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    Photo: Cary Whittier
early 1980s
Ballpoint pen, pencil, paint, on poster board
22 x 28 inches

Collection of:

Description: 

Unlike his aggressively assertive yard signs, Robertson's “Visions” depict something else entirely. Much more than escapism (or even psychosis), they are painstakingly utopian and contain iconography and hopes closely related to those in the work of other African American vernacular artists.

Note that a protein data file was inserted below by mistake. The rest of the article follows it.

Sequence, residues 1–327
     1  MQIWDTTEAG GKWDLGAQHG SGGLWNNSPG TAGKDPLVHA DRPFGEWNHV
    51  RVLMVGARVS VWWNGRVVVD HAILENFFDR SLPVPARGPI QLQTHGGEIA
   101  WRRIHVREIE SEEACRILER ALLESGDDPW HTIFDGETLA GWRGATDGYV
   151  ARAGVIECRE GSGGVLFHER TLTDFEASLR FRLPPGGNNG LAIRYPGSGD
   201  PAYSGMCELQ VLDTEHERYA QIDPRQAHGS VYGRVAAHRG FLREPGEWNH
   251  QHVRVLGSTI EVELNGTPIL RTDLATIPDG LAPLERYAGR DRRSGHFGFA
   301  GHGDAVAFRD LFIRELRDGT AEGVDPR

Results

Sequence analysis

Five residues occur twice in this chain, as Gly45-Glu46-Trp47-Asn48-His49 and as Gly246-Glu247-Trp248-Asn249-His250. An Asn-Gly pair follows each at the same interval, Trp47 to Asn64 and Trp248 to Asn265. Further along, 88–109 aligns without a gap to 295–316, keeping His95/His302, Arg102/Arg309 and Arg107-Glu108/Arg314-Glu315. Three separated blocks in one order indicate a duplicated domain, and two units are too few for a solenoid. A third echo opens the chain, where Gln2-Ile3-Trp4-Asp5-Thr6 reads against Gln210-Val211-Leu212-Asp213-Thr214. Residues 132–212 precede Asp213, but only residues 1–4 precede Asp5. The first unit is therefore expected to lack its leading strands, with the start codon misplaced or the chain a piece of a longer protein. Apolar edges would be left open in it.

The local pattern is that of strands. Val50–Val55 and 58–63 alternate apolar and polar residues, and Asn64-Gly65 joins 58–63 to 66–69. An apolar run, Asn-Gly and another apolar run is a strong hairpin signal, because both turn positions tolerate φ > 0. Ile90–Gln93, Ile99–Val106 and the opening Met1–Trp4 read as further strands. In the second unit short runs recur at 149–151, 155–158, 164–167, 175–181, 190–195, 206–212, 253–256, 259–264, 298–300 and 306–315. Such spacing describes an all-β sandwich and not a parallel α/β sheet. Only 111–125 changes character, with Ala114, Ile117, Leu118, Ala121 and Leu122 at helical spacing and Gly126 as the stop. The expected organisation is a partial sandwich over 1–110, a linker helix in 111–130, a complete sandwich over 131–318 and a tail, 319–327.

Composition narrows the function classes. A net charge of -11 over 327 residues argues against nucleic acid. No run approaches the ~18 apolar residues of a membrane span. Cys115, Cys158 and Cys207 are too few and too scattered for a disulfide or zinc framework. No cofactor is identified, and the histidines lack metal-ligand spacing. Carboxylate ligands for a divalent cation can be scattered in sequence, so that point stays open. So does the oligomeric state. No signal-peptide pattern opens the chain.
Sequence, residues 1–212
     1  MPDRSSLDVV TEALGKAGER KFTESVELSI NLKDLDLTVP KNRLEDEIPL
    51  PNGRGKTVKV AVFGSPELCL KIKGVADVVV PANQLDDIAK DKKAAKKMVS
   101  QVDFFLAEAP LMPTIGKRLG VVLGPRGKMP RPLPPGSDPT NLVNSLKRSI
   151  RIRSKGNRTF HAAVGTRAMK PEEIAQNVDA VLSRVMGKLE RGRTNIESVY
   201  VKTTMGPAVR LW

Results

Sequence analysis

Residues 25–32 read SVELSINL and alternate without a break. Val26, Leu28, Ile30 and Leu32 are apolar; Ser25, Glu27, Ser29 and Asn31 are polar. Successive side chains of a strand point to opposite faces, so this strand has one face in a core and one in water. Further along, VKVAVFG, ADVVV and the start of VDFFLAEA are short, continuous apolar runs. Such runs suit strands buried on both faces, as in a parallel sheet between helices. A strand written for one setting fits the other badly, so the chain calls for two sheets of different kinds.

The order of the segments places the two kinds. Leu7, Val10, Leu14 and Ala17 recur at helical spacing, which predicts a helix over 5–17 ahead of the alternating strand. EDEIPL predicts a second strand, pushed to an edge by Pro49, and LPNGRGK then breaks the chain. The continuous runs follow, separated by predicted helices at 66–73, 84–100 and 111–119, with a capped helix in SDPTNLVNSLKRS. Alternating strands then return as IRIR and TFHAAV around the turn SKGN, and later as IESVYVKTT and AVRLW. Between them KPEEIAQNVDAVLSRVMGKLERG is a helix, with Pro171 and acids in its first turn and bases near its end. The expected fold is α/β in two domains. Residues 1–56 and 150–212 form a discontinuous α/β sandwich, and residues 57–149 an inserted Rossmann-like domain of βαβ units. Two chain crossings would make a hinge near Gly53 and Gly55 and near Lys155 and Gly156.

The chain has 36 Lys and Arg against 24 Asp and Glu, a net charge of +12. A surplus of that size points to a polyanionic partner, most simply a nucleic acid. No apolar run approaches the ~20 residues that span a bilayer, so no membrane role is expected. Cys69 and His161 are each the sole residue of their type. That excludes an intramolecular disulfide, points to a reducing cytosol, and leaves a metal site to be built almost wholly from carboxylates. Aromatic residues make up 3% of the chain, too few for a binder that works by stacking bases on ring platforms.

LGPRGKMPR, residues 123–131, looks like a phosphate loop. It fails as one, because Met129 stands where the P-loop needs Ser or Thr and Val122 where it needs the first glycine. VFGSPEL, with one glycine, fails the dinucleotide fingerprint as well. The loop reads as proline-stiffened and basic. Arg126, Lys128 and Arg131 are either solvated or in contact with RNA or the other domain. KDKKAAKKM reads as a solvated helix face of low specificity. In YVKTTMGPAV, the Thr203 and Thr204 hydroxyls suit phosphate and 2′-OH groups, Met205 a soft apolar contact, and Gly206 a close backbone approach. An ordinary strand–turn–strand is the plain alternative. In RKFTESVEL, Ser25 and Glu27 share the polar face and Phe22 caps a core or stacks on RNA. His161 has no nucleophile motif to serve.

Unlike his aggressively assertive yard signs, Robertson's “Visions” depict something else entirely. Much more than escapism (or even psychosis), they are painstakingly utopian and contain iconography and hopes closely related to those in the work of other African American vernacular artists. (Head up the Mississippi River a few hundred miles, for example, and in Memphis there resides a similar figure, Joe Light, with his confrontational exterior signs and a counterposed, enchanted personal visual language decoded from pop culture and television cartoons.) Despite their televisual formats, Robertson’s drawings—primarily his early efforts, before market forces began to encourage the most prurient aspects of his anti-Adell furor—do not appear to have been intended for widespread community broadcast. They instead illustrated his private visions, and often date the referenced vision to an hour, day, and year long past.